According to the National Cancer Institute, in 2018 an estimated 266,000 women were diagnosed with breast cancer, and nearly 41,000 women died from the disease. Now the U.S. Food and Drug Administration (FDA) has proposed amending current mammography regulations issued under the Mammography Quality Standards Act of 1992 (MQSA).
Most of today’s mammography regulations are at least 20 years old, and the FDA believed it was time to modernize its guidelines and ensure that new policies reflect major developments in breast health over the past several decades. Among those developments are technological advances such as 3D breast tomosyntheses for screening.
The FDA wants to usher in a new era of improved quality, best practices, and open communication to help patients understand the disease and its treatment and to become more involved in the choices surrounding their healthcare.
Three areas of improvement
The FDA is recommending improvements to three areas of mammography regulations that focus on changes in technological innovations, quality measures, and the way mammography results are handled, including functions such as categorization and reporting. Among other reporting updates, the planned changes would require that the patient’s lay summary categorize the breasts as low or high density. One of four categories of breast density would be included in the patient’s report to the referring healthcare provider.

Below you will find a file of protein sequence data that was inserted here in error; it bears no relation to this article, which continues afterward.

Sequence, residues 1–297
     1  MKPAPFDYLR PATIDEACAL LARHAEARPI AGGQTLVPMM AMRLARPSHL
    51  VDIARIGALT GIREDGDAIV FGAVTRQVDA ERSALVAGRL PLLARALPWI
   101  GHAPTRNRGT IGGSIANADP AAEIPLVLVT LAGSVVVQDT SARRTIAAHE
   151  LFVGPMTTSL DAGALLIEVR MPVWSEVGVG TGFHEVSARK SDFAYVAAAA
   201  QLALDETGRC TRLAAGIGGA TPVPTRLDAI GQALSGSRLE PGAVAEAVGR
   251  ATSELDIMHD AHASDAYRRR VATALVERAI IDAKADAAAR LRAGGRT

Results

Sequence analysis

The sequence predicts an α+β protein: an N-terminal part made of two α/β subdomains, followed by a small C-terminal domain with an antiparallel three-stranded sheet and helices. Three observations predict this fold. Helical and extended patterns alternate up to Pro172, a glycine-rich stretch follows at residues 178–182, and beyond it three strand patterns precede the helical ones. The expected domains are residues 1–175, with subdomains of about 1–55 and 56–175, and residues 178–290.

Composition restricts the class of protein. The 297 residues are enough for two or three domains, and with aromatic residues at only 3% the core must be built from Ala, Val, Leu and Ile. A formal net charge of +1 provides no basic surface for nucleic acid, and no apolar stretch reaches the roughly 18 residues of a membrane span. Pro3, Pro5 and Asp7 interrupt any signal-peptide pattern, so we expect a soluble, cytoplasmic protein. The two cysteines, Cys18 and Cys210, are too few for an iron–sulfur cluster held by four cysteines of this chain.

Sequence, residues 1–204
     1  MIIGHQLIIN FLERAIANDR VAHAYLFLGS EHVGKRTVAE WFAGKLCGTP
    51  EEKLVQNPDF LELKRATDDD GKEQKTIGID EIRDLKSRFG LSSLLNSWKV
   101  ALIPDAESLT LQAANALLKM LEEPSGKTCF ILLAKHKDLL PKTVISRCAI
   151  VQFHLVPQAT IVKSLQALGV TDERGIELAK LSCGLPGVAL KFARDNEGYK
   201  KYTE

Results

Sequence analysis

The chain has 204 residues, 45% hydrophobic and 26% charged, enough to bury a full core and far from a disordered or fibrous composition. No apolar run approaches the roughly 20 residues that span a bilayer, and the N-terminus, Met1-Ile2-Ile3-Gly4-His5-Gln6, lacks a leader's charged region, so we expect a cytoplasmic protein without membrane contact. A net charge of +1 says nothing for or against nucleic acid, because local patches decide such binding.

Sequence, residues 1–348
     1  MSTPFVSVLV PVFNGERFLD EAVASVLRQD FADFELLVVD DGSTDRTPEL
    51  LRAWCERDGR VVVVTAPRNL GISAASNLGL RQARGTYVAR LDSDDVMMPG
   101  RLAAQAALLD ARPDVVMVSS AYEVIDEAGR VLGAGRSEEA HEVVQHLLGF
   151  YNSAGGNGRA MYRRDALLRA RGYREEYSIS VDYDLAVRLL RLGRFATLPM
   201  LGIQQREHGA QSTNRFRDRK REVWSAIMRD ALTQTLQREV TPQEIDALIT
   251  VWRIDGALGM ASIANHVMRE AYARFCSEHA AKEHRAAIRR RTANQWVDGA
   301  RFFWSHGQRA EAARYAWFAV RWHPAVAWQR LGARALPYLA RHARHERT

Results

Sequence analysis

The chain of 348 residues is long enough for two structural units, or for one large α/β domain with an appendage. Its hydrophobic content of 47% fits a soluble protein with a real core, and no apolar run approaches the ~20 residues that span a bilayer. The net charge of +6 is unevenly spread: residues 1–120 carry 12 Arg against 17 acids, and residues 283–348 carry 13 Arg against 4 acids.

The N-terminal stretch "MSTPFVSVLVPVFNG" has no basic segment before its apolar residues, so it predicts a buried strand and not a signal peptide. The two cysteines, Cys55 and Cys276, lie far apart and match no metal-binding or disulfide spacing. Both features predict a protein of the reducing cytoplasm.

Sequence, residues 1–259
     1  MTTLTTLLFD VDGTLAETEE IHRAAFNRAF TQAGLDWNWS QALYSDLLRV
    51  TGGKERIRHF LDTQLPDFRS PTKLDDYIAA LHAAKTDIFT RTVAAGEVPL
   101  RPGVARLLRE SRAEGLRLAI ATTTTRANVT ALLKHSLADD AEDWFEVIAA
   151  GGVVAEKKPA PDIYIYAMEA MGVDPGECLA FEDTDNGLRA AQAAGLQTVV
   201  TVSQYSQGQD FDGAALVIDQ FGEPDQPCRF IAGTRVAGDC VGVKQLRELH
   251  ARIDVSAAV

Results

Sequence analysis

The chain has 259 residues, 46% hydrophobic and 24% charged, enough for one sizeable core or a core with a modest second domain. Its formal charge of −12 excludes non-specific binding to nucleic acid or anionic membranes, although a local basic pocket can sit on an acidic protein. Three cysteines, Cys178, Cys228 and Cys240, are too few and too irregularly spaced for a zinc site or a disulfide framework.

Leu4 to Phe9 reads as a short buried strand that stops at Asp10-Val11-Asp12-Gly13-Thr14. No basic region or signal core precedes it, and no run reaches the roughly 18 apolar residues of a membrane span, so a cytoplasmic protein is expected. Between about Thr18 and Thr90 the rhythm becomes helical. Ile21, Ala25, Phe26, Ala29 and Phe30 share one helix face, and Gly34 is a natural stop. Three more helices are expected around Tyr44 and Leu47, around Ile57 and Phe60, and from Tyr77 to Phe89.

Cancer.gov. (2018, September 7). Retrieved April 2, 2019, from https://www.cancer.gov/types/breast/breast-changes/dense-breasts.
Advantages and costs of proposed changes
The proposed standards could potentially increase early breast cancer detection, improve treatment and death rates, and lower cancer treatment costs. According to the FDA, the estimate of annualized benefits over 10 years ranges from $16.27 million on the low end to $534.03 million on the high end. The estimated annualized costs to mammography facilities are in the range of $33.86 million to $60.50 million.
The deadline for public comments on the proposed policy changes is June 26, 2019. The effective date for any changes would be 18 months after the date of publication of the final rule in the Federal Register.